Jet Lag leaves adults tired, cranky and many times, physically ill. For children the adjustment from one time zone to another is even more difficult. Young children, especially, are very sensitive to any changes in their schedules and react poorly to sudden time differences.
Avoiding jet lag for your children makes good sense for everyone.
If traveling by air, try to travel during your child’s normal sleep time in the new time zone. It is likely they will nap during part of the trip.
Push fluids. Keeping well hydrated will go a long way toward alleviating symptoms of jet lag. Water is best, sports drinks are good, but avoid carbonated sodas.
Avoid junk foods. Sugar and high fat carbs like cookies and chips will make blood sugar unstable and make your child more fussy. At the same time, try to keep the child’s diet as close to normal as possible.
Try to get your child prepared for the new time zone by adjusting their schedule gradually over a week or two before the trip. If this is not practical, have your child go to bed in line with the new time zone the day before the trip. When you arrive at your destination, let them nap, but keep them on the new time.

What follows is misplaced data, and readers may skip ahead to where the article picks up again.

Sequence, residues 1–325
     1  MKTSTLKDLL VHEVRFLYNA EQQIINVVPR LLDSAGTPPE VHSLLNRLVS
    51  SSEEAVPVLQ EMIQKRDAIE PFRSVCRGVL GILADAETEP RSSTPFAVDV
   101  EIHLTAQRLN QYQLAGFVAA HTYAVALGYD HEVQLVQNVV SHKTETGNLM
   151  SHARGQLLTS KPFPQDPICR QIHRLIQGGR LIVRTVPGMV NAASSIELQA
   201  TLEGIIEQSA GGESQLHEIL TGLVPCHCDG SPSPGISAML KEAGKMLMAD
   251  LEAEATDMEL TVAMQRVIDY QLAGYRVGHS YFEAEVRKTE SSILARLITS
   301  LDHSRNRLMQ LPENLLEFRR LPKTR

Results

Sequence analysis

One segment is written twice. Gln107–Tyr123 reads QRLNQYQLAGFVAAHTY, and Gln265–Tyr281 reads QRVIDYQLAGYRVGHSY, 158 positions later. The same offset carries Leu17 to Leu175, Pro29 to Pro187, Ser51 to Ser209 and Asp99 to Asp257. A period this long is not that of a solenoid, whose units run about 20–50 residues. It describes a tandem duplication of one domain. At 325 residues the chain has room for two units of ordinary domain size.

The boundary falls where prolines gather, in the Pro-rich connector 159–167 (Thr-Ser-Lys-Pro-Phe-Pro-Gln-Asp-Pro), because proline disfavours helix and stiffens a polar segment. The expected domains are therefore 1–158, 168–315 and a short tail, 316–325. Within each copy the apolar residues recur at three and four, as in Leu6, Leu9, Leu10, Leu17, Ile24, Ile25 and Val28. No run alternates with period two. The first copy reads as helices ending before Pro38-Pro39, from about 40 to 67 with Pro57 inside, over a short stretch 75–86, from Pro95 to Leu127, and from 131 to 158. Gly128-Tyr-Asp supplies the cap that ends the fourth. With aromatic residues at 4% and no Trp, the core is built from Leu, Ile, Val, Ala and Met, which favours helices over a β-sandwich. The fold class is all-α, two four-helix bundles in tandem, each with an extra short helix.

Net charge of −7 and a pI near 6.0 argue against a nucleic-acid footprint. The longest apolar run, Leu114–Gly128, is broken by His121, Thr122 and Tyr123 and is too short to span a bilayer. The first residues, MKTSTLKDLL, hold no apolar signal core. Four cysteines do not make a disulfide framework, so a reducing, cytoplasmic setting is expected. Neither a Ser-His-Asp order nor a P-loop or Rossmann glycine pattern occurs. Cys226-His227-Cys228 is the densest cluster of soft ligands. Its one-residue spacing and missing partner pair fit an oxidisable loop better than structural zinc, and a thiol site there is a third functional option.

Physical activity will help your child’s body deal with the jet lag. Take them for a walk around the new city, a swim in your hotel pool or let them run through a park when you get to your destination. It will also help to let your child walk around on the plane often.
Parents should remember jet lag effects adults and children equally and that children are not as psychologically able to push past the physical effects. Children may need extra nap time for a few days upon arrival at the new destination.